In 2018, the Village of Yellowpine approached us for assistance with the repair of their water system. They were under court order to fix their leaking contact tank so residents and visitors would have clean, safe drinking water. We went to work through a partnership with Valley County, and guidance from the Clearwater Economic Development Association and Idaho Rural Water Association. Midas Gold pitched in some funds to get the project started, and we brought it across the finish line with a $39,385 Gem Grant from our friends at the Idaho Department of Commerce. The community water system is being repaired summer of 2019.
North Lake Recreational Sewer and Water District
In the fall of 2018, the Payette Lakes Recreational Sewer and Water District and Council Sewer Districts closed their facilities to septage haulers–the folks who pump septic systems and porta-potties–creating a tough situation for residents and businesses who are on septic systems or rely on porta-potties for events like Winter Carnival, weddings, concerts, etc. This also drove up costs significantly for septage pumpers and haulers who serve the region. Alongside Valley County, we formed a partnership with the North Lake Recreational Sewer and Water District in Donnelly to explore how their facility, which historically was able to receive septage waste seasonally, could be retrofitted to receive waste year-round. Over the course of several months, we worked closely with their team, who eventually determined that they could simultaneously improve their existing facility AND receive the waste in question through a concurrent upgrade. We then went to work and secured design funds from Valley County to help pay for the system upgrade. We also secured a $50,000 GEM grant from the Idaho Department of Commerce for construction and build-out. This project is currently in the early stages, and we anticipate many environmental, economic and community benefits downstream.
In 2017, we were approached by several people in Cascade about the possibility of assisting with expanding their first responder capacity and healthcare training options for local candidates. We went to work with our friends at the Idaho Department of Labor and wrote a Workforce Development Training Fund grant for $18,000 to train CNA’s and paramedics to meet this need. Candidates from all walks of life were able to attend training, gain valuable career skills and meet the needs of local employers.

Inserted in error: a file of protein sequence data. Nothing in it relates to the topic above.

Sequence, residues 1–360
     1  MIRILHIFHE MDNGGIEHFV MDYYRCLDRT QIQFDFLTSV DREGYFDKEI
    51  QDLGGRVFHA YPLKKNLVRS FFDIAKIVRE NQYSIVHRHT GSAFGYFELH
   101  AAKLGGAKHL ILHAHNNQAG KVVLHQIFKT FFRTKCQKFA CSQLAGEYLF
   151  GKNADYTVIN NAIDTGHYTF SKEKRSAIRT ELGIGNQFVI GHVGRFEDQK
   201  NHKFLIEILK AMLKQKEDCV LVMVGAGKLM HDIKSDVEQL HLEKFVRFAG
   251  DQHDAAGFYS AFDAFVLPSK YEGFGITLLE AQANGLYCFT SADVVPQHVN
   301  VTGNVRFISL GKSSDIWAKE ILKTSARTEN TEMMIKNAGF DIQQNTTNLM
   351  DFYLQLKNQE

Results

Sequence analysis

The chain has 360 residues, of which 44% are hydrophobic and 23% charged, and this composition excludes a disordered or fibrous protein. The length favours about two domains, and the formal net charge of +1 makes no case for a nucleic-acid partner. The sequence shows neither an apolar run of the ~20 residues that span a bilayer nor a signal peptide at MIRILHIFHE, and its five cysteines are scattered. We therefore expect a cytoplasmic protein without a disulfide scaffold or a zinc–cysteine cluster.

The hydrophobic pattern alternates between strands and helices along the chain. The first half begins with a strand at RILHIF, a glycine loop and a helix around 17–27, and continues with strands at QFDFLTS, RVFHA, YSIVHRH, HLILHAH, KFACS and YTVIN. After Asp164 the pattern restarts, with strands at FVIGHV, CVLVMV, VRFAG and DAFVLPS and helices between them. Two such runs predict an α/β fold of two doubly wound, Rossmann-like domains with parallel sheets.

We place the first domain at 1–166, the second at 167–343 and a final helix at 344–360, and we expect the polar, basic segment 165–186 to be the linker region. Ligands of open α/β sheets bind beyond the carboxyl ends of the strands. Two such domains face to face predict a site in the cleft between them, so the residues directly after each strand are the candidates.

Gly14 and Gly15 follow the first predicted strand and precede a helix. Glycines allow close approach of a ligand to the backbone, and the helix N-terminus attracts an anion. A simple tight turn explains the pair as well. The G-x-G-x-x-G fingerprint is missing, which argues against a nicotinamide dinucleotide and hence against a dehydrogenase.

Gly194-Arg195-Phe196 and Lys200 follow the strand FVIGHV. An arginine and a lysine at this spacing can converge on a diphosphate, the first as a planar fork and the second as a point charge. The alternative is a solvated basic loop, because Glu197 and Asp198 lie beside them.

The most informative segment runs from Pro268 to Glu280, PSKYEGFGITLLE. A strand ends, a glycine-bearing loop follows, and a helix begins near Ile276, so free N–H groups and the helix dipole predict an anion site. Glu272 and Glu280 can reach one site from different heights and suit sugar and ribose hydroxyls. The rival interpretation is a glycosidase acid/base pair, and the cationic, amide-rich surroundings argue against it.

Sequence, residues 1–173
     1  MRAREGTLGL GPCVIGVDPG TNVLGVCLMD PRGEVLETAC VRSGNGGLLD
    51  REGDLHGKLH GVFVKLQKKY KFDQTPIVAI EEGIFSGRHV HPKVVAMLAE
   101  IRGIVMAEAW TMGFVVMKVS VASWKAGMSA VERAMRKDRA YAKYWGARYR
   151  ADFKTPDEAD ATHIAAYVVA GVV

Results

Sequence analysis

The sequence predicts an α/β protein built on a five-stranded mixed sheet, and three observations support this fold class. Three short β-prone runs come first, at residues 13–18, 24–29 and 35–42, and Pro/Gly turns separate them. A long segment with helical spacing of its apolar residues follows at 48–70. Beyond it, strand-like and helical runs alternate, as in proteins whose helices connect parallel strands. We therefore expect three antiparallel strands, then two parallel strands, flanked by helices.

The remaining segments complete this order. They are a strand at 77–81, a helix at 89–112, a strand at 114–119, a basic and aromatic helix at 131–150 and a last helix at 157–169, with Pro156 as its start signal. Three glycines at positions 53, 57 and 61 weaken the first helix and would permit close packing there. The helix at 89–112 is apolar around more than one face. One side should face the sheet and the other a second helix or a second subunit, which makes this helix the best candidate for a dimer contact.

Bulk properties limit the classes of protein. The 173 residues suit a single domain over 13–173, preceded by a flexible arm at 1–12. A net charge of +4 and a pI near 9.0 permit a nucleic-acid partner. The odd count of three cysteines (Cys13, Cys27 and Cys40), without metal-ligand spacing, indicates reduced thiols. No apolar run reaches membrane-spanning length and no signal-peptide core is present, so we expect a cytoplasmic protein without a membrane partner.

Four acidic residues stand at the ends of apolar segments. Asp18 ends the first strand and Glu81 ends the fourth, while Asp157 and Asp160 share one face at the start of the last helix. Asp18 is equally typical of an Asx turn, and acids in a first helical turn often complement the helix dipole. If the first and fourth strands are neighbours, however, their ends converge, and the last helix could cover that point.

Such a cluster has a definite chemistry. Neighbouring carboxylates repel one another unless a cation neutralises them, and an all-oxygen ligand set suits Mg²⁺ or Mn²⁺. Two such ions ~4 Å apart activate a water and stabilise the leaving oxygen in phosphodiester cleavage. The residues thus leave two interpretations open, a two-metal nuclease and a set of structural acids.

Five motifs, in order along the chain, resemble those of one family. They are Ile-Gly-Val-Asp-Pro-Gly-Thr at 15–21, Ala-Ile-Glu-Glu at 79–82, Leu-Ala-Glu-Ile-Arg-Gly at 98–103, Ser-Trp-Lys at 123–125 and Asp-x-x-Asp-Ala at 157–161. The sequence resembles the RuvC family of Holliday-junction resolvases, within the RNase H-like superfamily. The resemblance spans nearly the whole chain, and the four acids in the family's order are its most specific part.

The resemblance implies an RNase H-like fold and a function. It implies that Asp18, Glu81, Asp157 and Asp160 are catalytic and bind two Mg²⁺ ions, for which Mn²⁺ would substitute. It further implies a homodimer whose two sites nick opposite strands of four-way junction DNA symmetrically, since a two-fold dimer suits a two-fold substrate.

We’ve historically had many challenges with workforce development in the West Central Mountains. Knowing we have a shortage of skilled labor, we went to work to identify what tools and innovations we should be looking towards to remedy these challenges. Being a data-driven organization, we sought assistance from the Idaho Policy Institute at Boise State University. With funding from the City of McCall and the Laura Moore Cunningham Foundation, we then went to work to fortify partnerships with local school districts, parent groups, chambers and businesses to ask two sets of questions (to students and to employers): Where do you see yourself going after graduation (students)? AND What do you expect from your employees now and in the future (employers)? We then merged and analysed that data and sent it over to the Master of Public Administration program at Boise State University. This deep dive provided us with key insights about student aspirations, employer needs, tools from local training, expanded career and technical education systems in the region, and opportunities for critical expansion of things like registered apprenticeships. All of this data has benefited the strategic processes of the school districts, and has led to expanded offerings across several curricula. We are also hopeful that a Career and Technical School (CTS facility) is on our horizon as a result of this work.
In early 2019, we were asked to expand upon the work we had done in the workforce development realm. With funding from the City of McCall, we identified an opportunity in the culinary arts and went to work. We leaned on partnerships with the Idaho Dept. of Labor McCall office, University of Idaho Valley County Extension office and three elite area chefs. We built a month-long crash course curriculum focusing on kitchen etiquette, food safety, knife skills, sauces and recipes. Of our 16 students (we had a 6 person waiting list as well), we graduated 14 students, 7 of which immediately went into or moved up in their culinary career journey.
Cascade Adventure Biking
In 2017, we sat down with the Cascade Mobility Team to learn about their challenges and opportunities. We helped facilitate some discussions around how the Cascade Chamber could expand it’s recreation tourism offerings and marketing. Utilizing partnerships with cycling advocates, mapping resources, media professionals and some marketing dollars from the Idaho Travel Council, we created Cascade’s adventure cycling assets and web page. We worked with the Cascade Aquatic Center to allocate parking near the river, and have built out route descriptions (with a lot of help from local cyclists and advocates), video assets through the chamber, GPX routes and user friendly mapping. These routes have now been picked up by over 15 media outlets internationally, and we’re starting to see traffic from cyclists that are tying into the legendary Idaho Hot Springs Route.